Loading

Header Image Header Image

Complexity: Activity 1


Cognitive demand and syntactic complexity

Please read the information about complexity before working through these activities.

  1. Below are the directions read to the learners before the Jigsaw and Comparison Tasks. Read the directions and think about the cognitive demand of each task. Which task is more cognitively demanding? Why? What might the learner language look like in each task in terms of language complexity?

    Directions for Jigsaw Task:
    In English
    Each of you has a photograph of house in Minnesota. Start by briefly describing your photo, and then find three things in your photos that are the same, and three things that are different.  Don’t show each other your photos. For example, you could ask, “This house has two windows.” or you could ask, “Is that house in the city?”

    In Japanese
    “今 私が配ったのは、ミネソタにある家の写真です。写真はお互いに見せないでくださいね。最初にどんな家か簡単に話してください。それから、同じところを3 つ、違うところを3つ見つけてください。たとえば、「この家には窓が2つありますよ」と教えてあげたり、「その家は市内にありますか」と聞いたりするとい いですよ。”

    Directions for Comparison Task:
    In English
    Now look at the photos together. I would like you to talk about who might live in each house. For example, how many people do you think live in this house? What do you think their social class is? What do these kinds of houses tell you about American culture?
    In Japanese
    “今度は、絵を一緒に見てください。どんな人が住んでいると思いますか。その家には何人ぐらいの人が住んでいると思いますか。どんな社会階級、ソーシャルクラスの人が住んでいると思いますか。それらの家からアメリカの文化についてどんなことがわかりますか。”

  2. In Tables 1 and 2 below we list all the sentences that contain more than one verb as complex sentences produced by each learner in Jigsaw Task and Comparison Task. This is a relatively loose definition of sentence complexity. As discussed in the Overview of Complexity syntactic complexity in speech can be measured in different ways. We will walk you through a few other measures in the following activities.

    Referring to these sentences, think about how the cognitive demand of each task is related to the complex sentences the learners produced.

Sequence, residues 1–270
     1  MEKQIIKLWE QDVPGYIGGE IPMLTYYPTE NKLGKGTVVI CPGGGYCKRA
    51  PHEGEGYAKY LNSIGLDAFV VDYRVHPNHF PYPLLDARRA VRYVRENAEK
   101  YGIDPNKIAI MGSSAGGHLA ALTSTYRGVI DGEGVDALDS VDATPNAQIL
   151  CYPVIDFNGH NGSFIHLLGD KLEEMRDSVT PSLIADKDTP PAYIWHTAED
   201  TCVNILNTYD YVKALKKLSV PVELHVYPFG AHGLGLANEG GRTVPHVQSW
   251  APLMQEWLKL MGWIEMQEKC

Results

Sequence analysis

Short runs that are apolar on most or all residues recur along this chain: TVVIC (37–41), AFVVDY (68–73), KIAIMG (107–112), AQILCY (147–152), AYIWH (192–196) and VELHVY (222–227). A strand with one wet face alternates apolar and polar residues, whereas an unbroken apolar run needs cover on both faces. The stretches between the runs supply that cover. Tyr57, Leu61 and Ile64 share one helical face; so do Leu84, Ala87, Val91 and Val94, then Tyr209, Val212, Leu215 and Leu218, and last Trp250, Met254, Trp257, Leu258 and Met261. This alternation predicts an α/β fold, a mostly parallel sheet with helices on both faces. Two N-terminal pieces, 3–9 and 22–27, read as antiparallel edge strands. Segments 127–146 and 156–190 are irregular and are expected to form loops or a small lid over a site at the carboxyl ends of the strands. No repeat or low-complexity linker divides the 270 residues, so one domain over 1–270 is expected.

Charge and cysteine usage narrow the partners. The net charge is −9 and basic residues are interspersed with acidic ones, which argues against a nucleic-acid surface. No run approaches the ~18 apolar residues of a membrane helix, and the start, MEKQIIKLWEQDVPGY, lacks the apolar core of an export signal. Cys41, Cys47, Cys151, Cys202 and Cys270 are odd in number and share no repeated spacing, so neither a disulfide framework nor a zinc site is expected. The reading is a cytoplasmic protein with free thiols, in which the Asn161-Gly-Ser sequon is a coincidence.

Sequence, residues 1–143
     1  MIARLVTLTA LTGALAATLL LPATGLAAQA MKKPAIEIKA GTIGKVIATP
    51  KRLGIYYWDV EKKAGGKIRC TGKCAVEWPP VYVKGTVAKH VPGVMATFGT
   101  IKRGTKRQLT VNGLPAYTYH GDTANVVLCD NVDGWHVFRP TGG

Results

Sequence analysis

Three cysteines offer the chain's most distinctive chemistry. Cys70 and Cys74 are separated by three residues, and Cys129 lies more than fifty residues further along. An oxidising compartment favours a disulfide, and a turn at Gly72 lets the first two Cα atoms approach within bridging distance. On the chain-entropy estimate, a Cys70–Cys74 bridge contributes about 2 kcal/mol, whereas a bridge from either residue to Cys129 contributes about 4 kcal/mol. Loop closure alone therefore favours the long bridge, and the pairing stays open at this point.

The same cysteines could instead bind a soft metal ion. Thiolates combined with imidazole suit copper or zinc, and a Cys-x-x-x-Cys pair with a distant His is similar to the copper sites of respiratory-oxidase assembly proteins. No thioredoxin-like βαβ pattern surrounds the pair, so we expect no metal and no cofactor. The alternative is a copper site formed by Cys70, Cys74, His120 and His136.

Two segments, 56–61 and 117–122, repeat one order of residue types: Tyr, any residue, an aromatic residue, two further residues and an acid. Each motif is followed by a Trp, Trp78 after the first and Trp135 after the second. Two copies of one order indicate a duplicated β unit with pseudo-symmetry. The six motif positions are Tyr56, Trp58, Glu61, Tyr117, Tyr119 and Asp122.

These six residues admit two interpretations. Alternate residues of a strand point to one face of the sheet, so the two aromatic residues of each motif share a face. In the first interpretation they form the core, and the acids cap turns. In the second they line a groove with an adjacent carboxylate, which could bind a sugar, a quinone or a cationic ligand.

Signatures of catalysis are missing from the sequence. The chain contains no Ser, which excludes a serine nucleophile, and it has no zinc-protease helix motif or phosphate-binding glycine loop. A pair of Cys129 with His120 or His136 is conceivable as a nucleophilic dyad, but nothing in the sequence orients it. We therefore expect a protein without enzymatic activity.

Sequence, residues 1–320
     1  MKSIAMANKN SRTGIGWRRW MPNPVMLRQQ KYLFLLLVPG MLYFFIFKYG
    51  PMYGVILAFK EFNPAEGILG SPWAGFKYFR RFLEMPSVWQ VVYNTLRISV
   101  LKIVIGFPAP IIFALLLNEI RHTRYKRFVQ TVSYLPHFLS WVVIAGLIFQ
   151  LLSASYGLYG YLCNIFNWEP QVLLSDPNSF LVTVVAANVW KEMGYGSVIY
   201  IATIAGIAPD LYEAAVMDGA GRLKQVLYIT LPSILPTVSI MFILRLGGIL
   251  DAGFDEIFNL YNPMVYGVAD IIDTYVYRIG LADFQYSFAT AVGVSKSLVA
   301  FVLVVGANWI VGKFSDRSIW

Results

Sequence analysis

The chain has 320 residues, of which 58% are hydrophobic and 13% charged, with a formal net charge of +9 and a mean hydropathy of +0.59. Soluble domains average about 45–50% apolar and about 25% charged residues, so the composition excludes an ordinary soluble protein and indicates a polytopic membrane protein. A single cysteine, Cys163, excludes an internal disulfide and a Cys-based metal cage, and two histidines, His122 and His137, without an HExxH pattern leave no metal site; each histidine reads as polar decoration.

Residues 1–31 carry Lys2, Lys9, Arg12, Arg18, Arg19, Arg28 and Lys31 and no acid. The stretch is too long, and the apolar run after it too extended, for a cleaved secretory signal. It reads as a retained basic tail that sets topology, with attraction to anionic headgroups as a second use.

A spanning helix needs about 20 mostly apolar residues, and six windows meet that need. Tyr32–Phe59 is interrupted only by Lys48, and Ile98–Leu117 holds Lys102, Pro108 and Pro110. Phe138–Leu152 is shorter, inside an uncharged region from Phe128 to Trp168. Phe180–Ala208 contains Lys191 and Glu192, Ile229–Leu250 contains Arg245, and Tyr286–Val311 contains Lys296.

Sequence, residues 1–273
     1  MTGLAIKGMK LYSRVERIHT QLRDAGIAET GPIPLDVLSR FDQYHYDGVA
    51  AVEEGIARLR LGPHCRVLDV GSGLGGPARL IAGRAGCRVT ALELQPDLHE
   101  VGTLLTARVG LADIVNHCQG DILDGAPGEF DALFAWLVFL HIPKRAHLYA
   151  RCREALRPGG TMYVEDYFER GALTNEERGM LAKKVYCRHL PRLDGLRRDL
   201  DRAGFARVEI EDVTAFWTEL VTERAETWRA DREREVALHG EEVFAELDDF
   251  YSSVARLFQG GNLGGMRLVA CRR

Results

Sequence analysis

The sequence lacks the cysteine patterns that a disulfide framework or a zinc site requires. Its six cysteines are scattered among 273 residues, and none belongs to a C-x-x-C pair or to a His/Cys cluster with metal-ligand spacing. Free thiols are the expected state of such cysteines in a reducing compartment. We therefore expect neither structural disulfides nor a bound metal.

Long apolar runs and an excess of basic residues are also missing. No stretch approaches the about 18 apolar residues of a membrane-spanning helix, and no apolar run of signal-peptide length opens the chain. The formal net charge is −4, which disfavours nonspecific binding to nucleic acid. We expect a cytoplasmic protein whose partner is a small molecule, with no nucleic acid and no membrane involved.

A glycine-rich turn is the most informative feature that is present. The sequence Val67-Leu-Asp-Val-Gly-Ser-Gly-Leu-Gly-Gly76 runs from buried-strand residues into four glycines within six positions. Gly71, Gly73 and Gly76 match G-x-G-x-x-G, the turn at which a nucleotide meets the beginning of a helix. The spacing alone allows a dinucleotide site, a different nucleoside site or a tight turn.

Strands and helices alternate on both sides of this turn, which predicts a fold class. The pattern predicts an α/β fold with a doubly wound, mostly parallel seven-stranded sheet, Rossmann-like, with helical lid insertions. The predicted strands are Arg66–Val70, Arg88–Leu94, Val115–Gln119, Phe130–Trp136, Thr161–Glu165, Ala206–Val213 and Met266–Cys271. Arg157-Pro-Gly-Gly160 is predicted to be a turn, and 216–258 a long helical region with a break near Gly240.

Table 1: Complex sentences in the Jigsaw Task


Sebastian

 

4-5

下の窓が二つがあって、あのー、上の窓が一つがあると思います。

Table 2: Complex sentences in the Comparison Task


Sebastian

 

8-9

でも車があるから、多分ちょっとー金持ちですね。

13-14&16

でも、右の写真はガラージと、あー車があるから、多分右の写真と左の写真と、右の人のあー右の家族の方が、金がある、はい。

29-30 & 32

でも右はあの二階はあの窓の二つがありますから、でも家族の方があの多いそうですね。

36

あの、あのー、あ、ドアの四つから、多分家族がいますね。

45-46

はい、あの南はちょっと金がないと思いますけど、右の写真、多分、あのー、あー、あのー、東とか西とかありますね。

87

はい、建てた時、多分家はとっても小さかったですね。

89

エアコンが二つあるから、多分ここはとても熱い所ですね。

Maximus

 

20-21

多分、でもー、そんなに汚いじゃないから、多分あー、あー、力仕事する人の家かな。

42&44

南… 何か、アリバマとかミズーリの方とかにありそう?と思いますか?

72-73

何か、仕事に行っています、この写真を撮る時は。


3. Now look at the transcripts of Sebastian and Maximus’ Jigsaw (PDF) and Comparison (PDF) Tasks. Using the blank table below, classify nouns that they use as concrete or abstract. Does the cognitive demand of each task affect the learners’ use of concrete or abstract terms?

Learner Jigsaw Task Comparison Task

 

Concrete

Abstract

Concrete

Abstract

Sebastian

 

 

 

 

 

 

 

 

Maximus

 

 

 

 

 

 

 

 

Please type your answers to the questions in the box below.

When you have finished typing your answer, click to compare your response with the Learner Language staff response.

  1. The Comparison Task is more cognitively demanding than the Jigsaw Task. The Jigsaw Task elicits comparisons of the physical characteristics of two houses. The learners are asked to talk about concrete, observable entities. In contrast, the Comparison Task asks the learners to use such concrete, observable entities in the photos as evidence to further make inferences about abstract cultural constructs such as social class. This task requires the expression and development of language that is typically used in academic tasks and may elicit the use of more abstract nouns and complex linguistic forms.